Header
Research Article
Roles of DNA Damage Response Proteins in Mitogen-Induced Thp-1 Differentiation into Macrophage
Eui Young So, Martin Kozicki and Toru Ouchi*
Department of Cancer Genetics, Roswell Park Cancer Institute, Buffalo, NY, USA

ABSTRACT
ATM, ATR and DNA-PK are critical for DNA damage response (DDR) and sequential repair, leading to genomic stability. In this study, we found the expression of these proteins is markedly induced by PMA during THP1 differentiation without the change in the level of transcripts. Also, inhibitors of these protein activity suppressed PMA-induced morphological change of THP1 cells. Our results suggest the potential roles of these DDR proteins in cellular differentiation
KEYWORDS
DNA damage response; Severe combined immunodeficiency; Antigen presenting cells

INTRODUCTION
Mechanisms of detecting and repairing damaged DNA are conserved and controlled through the DNA damage response (DDR). DDR is essential to maintain genome stability and suppress malignant progresses [1]. ATM (ataxia telangiectasiamutated), ATR (ataxia telangiectasia and Rad3-related) are key DDR signaling components, which are activated by DNA damages to lead to downstream effectors, such as Chk1/2, SMC1, BRCA1, and p53 [2]. The DNA-dependent protein kinase (DNA-PK) plays key roles in the repair through the non-homologous end-joining (NHEJ) pathway [3]. These DDR proteins are included in the phsophatidylinositol 3’-kinase (PI3K) -related kinase (PIKK) family, which have multiple roles in cell growth, metabolism and differentiation [4]. For examples, ATM plays a role in the proliferation of neuronal stem cell (NSC) [5], and mice deleted ATM gene displayed impaired T cell development leading to decreased total T cell number [6,7]. It has be well known that mouse severe combined immunodeficiency (SCID) is induced by DNA-PK deficiency [8]. However, it remains unclear whether the expression of these proteins is required for development of antigen presenting cells (APCs), such as DCs and MPs, or how these proteins are regulated during development of these cells. To address these questions, we have investigated expression patterns of these proteins during mitogen induced differentiation of THP1. To test if inhibition of these proteins can effect on cell differentiation, we checked the morphological change after treatment with specific inhibitors of ATM, ATR and DNA-PK. We found that protein expression of these PIKKs significantly increased (over 100 fold) after mitogen treatment through mainly posttranscriptional regulation, and that three different specific inhibitors block the differentiation. These finding implicated that protein expression of PIKKs is required and mechanisms by which PIKKs is regulated during cellular differentiation, are critical for differentiation/development.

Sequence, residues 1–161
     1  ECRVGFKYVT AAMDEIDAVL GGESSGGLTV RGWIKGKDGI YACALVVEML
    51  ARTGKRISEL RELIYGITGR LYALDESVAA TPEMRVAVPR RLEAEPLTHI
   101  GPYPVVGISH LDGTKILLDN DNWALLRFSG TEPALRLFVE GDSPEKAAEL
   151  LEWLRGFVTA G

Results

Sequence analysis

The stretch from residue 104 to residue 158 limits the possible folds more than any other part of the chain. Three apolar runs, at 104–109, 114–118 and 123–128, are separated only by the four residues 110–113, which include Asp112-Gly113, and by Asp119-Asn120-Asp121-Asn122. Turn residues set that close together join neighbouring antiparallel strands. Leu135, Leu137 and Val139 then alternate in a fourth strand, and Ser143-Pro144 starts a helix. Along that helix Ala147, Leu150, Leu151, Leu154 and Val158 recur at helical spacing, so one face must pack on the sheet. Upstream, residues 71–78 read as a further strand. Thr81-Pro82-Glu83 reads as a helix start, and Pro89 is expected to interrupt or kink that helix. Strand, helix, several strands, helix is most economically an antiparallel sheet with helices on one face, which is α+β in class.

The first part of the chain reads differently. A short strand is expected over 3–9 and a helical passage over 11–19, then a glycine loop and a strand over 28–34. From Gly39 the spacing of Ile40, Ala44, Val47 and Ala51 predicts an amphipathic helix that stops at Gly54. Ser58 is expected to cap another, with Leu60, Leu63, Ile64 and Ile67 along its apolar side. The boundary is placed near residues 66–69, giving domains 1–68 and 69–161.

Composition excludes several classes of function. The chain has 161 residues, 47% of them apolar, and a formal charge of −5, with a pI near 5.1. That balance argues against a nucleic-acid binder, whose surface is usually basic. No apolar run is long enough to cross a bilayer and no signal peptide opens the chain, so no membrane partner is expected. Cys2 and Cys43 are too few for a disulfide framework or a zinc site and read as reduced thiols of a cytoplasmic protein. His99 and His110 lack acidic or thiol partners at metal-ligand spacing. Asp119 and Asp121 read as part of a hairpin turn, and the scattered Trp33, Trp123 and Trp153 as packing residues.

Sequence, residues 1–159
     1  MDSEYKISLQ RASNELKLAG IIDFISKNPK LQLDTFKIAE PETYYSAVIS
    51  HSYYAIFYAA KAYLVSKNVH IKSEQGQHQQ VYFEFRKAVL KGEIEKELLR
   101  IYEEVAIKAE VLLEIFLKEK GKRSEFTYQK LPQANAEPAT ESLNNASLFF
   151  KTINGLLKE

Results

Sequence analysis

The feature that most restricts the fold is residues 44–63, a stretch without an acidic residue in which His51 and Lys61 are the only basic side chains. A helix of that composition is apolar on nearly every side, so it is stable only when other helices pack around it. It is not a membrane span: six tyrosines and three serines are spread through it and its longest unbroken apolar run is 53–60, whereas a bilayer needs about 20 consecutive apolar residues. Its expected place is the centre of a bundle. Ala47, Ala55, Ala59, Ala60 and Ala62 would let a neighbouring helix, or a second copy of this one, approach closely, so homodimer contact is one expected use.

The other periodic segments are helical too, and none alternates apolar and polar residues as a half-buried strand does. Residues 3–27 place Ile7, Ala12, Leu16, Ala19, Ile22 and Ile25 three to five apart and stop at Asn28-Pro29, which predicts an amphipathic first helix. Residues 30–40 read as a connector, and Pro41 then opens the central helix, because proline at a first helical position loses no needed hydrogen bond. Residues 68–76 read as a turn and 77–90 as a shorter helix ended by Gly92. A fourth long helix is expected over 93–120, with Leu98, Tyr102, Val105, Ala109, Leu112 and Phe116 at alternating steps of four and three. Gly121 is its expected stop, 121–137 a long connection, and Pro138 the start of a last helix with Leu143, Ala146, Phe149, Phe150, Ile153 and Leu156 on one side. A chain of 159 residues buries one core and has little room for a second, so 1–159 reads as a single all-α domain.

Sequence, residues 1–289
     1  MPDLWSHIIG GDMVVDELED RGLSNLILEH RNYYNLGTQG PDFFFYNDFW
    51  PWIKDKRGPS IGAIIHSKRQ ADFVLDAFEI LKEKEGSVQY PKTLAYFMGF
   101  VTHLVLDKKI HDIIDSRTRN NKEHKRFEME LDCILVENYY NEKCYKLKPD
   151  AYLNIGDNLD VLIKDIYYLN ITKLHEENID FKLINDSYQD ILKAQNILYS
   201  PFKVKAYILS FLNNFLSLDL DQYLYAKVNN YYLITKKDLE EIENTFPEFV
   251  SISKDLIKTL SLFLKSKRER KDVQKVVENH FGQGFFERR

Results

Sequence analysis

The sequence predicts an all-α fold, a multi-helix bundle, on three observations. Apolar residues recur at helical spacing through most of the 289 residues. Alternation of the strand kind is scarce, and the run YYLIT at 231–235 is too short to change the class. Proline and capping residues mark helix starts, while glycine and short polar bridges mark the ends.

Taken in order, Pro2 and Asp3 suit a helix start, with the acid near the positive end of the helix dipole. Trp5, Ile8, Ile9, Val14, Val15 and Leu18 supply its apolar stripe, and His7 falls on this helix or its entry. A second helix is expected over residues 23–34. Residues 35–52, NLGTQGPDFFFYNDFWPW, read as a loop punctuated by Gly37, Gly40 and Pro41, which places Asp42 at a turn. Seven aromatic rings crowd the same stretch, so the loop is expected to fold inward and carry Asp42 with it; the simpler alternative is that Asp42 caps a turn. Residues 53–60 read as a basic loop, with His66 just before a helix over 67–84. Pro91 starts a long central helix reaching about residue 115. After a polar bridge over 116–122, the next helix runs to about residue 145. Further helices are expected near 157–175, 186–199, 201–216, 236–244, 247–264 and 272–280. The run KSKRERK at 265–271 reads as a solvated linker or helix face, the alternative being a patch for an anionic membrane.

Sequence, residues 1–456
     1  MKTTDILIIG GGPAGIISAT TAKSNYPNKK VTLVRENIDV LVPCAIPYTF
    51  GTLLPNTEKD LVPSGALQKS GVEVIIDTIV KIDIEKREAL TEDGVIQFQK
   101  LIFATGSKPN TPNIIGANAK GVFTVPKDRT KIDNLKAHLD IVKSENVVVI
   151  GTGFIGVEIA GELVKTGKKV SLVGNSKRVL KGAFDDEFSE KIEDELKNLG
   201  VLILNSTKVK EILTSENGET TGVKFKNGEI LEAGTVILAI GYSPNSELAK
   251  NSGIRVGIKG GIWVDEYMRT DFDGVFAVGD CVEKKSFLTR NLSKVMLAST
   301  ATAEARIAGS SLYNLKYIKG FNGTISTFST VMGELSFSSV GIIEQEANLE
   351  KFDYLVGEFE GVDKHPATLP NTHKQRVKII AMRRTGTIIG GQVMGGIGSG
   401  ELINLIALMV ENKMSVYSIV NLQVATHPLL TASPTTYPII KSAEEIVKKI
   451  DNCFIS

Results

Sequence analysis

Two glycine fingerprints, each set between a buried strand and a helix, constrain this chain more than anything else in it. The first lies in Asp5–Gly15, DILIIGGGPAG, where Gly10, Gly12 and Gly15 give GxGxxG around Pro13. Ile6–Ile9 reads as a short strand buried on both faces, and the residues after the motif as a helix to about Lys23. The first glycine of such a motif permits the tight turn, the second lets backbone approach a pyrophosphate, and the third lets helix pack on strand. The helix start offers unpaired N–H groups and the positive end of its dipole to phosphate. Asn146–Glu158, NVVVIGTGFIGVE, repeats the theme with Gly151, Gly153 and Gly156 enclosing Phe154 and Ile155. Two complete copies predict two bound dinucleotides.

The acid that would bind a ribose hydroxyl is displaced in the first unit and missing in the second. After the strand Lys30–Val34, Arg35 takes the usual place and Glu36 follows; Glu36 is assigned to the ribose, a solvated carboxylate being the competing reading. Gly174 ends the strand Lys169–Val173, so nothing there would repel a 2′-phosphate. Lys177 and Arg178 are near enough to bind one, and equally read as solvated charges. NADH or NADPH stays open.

Materials and Methods
Cells and reagents
Human monocytic cell line THP1 was purchased from ATCC (Manassas, VA), and maintained in RPMI medium containing 10% FBS (Invitrogen, Carlsbad, CA) and penicillin/Streptomycin. Phorbal 12-myristate 13-acetate (PMA), Neocarzinostatin (NCS) and MG 132 were purchased from Sigma (St. Louis, MO), and dissolved in DMSO. KU55933 and NU7441 were obtained from TOCRIS (Bristol, UK). Schisandrin B (Sch-B) was gratefully provided by Dr. Konishi (Niigata University, Japan)
Western blotting
Cells were treated with indicated chemicals for indicated times. Total cell lysate (20 or 30 mg/lane) was loaded and separated by SDS-PAGE. Transfer to a PVDF membrane (Millipore, Billerica, MA) was performed using semi-dry transfer method. Primary antibodies used in this study were anti-DNA-PK, anti-ATM (GeneScript, Piscataway, NJ), Anti-SMC1, anti-actin (Santa Cruz Biotechnology, Santa Cruz, CA) and anti-BRAT1 (abcam, Cambridge, MA). To detect phosphorylation of some proteins, we used anti-phospho-DNA-PK (Thr 2609, Rockland, Gilbertsville, PA), anti-phospho-ATM (Ser1981, Cell signaling, Danvers, MA), and anti-phospho-SMC1 (Ser966, Bethyl Laboratories, Montgomery, TX).
RNA isolation and RT-PCR
Total RNA was isolated using TRIzol Reagent (Invitorgen) according to the manufacturer’s instructions. First-strand cDNA was synthesized from 4 mg total RNA using MMLV reverse transcriptase Kit (Invitrogen). Primers were obtained from Integrated DNA Technologies (Coralville, IA) as follows: DNA-PK: 5’ACCAGCATGAGCCCAGATTATCCA3’ and 5’CGGCCGCACCTTTCACTTTGTTAT3’, ATM: 5’-AACTCTTGTCCGGTGTTCACGTCT3’ and 5’ACTTTGGCTCTCTCCAGGTTCGTT3’, BRAT1: 5’AAACGGTCACTGAAGGAGAGTCCA3’ and 5’ACGTGATCCATGATCTTCTGGGCA3’, GAPDH: 5’-AAGGTCGGAGTCAACGGATTTGGT-3’ and 5’-AGTGATGGCATGGACTGTGGTCAT-3’. GAPDH expression was assessed as an internal reference for normalization.